Shell appears to have pulled off a significant discovery offshore Norway on the Gro prospect, with the Norwegian Petroleum Directorate (NPD) placing the initial reserves estimate in the range 353.1billion-3.53trillion cu ft of recoverable natural gas.
The NPD said Shell made the find with its wildcat exploration well drilled with the semi-submersible rig, Leiv Eiriksson, on block 6603/12.
That makes the Gro-1 well, drilled in 1,376m (4.500ft) water depth, the deepest of any discovery made on the Norwegian shelf to date. Its objective was to prove petroleum in Upper Cretaceous reservoir rocks, and it encountered a 16m (52.5ft) gas column in the Upper Cretaceous in a reservoir of varying quality.
NPD said the well was not formation-tested, but extensive sampling and data acquisition was carried out. However, further delineation drilling will be required in order to clarify the resource potential, including the possibility of additional volumes.
Now the Leiv Eiriksson is on the South Uist (blocks 213/25a and 214/21a) prospect north-west of Shetland and has started drilling.
Pre-drill estimates point to recoverable reserves of 2.1trillion cu ft of gas (350million barrels oil equivalent) with an upside potential of 4TCF (666million barrels). This is based on Shell’s most recent mapping and interpretation and field parameters from regional analogues,
Data acquired points to a well defined faulted four-way dip closure circa 16km long by 4km wide, with a maximum areal closure of circa 84sq km with potential for a 250m vertical gas column.
Licence P.799 has an area of about 145sq km and is located about 30km (18.6 miles) north of the sizeable Laggan (estimated 720billion cu ft recoverable), 35km (20 miles) north-east of the 2007 Tormore discovery (estimated 320bcf recoverable) and 50km (31 miles) north-east of the recent Rosebank I Lochnagar field (estimated 270bcf and 250million barrels oil equivalent recoverable reserves).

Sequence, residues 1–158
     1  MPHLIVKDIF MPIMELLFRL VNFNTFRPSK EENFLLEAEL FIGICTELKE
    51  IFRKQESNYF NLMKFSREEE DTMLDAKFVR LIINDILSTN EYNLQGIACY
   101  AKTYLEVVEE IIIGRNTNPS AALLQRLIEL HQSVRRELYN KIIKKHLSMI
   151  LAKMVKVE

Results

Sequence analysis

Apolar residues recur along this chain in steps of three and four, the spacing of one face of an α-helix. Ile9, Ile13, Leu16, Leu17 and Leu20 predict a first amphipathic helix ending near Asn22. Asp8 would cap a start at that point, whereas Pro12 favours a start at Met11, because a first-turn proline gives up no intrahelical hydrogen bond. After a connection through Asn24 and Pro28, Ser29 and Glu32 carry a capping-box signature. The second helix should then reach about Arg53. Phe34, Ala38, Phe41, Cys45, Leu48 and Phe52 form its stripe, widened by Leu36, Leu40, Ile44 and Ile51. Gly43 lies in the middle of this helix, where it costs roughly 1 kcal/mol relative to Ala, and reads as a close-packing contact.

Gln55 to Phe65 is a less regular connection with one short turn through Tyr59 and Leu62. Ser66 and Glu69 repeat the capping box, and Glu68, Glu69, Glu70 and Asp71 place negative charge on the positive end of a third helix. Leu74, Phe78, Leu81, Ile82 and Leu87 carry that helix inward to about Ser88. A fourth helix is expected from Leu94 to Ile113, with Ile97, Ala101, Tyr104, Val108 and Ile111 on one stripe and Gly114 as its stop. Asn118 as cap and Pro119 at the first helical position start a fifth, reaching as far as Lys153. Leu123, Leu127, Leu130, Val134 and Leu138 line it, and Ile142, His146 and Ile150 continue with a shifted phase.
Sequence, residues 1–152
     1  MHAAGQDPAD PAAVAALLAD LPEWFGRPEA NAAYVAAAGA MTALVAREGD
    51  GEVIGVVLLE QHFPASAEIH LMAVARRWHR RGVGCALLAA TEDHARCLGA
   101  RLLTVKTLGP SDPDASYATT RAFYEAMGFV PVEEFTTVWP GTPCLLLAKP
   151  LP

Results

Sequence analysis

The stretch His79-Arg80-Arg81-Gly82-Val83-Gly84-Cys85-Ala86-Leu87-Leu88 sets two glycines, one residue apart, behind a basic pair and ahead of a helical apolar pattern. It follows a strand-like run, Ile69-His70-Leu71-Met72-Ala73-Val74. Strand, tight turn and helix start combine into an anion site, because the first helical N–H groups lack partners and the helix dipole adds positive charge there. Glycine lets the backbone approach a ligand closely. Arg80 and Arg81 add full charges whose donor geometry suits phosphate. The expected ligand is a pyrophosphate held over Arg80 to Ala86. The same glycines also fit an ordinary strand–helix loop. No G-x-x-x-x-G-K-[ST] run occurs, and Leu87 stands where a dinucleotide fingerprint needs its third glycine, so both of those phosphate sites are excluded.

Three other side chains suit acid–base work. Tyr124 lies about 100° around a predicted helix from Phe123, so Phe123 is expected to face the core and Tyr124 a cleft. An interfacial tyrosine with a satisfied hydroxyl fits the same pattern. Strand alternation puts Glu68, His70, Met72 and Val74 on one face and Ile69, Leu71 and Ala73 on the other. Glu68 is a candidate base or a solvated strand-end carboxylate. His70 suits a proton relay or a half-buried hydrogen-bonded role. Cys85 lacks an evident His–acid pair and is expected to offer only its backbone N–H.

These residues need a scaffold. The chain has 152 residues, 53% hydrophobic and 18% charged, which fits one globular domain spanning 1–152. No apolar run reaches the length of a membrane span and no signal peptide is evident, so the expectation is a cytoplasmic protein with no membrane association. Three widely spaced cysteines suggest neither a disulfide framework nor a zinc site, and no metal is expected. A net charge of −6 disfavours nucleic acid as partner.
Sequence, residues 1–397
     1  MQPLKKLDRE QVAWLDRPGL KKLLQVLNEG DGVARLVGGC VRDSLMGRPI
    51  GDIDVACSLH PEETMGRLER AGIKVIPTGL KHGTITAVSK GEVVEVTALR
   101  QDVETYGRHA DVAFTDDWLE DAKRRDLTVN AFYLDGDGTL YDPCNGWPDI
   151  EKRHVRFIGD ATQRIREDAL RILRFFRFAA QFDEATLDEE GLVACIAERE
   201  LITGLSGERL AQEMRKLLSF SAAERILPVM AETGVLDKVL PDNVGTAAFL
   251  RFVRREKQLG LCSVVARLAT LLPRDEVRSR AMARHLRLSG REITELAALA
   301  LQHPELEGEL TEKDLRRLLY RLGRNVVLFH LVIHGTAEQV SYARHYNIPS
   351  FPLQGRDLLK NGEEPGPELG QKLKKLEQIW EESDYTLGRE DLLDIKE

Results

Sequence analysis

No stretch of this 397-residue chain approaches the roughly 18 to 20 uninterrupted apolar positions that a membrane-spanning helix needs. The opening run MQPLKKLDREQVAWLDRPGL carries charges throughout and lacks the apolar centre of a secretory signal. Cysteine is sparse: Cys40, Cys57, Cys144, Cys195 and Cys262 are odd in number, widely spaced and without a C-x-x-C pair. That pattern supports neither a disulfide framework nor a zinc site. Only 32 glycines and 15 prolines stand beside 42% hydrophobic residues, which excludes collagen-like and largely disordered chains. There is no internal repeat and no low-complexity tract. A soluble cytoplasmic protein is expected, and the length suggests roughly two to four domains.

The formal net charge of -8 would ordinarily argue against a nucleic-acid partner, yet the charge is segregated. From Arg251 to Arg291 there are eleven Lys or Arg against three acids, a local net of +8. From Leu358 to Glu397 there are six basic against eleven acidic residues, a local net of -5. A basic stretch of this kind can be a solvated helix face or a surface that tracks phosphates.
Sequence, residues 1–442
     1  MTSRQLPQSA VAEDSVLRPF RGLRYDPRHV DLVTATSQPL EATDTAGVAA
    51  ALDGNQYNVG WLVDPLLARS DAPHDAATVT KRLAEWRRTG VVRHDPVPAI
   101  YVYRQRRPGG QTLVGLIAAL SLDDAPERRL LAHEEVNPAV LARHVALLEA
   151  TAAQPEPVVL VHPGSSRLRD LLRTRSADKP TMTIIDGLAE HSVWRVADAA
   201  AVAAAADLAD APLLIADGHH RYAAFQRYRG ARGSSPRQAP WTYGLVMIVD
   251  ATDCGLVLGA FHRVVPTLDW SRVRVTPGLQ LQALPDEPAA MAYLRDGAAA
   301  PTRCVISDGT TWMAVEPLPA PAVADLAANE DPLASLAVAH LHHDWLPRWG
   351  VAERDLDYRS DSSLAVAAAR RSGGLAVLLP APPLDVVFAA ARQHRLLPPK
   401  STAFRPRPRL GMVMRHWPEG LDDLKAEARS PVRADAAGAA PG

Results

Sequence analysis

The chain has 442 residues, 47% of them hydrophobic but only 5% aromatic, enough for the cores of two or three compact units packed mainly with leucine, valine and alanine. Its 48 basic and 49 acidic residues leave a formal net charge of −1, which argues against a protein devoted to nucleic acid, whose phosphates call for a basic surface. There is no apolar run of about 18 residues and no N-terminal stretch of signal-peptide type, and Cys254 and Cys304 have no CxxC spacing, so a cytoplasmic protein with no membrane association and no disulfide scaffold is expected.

Shell made a previous attempt to drill the South Uist prospect in Q1 2008, but the Leiv Eiriksson failed to complete top-hole operations at that time.
The earlier 214/21-1a well reached about 2,200m (7,200ft) total vertical depth and recorded “positive evidence” for “thermogenic gas generation”. Two gas samples were taken from the top-hole section of that well and the results were seen as “very encouraging”.
Much farther south, on the Irish portion of the Atlantic Frontier, Providence Resources said on June 22 that it had started mobilising a vessel to carry out the long-anticipated Spanish Point 3D seismic survey. This 60-day 3D seismic programme will be carried out using the recently refitted BOS Angler, which will quarter about 300sq km over and around the target, which is already a proven gas condensate find.
The original 35/8-2 Spanish Point discovery well flowed about 1,000 barrels and 5million cu ft of gas per day from one of four logged hydrocarbon-bearing intervals.
Providence says third-party modelling of the well data has suggested that an optimally placed and stimulated development well could flow at significantly higher rates from all hydrocarbon-bearing intervals.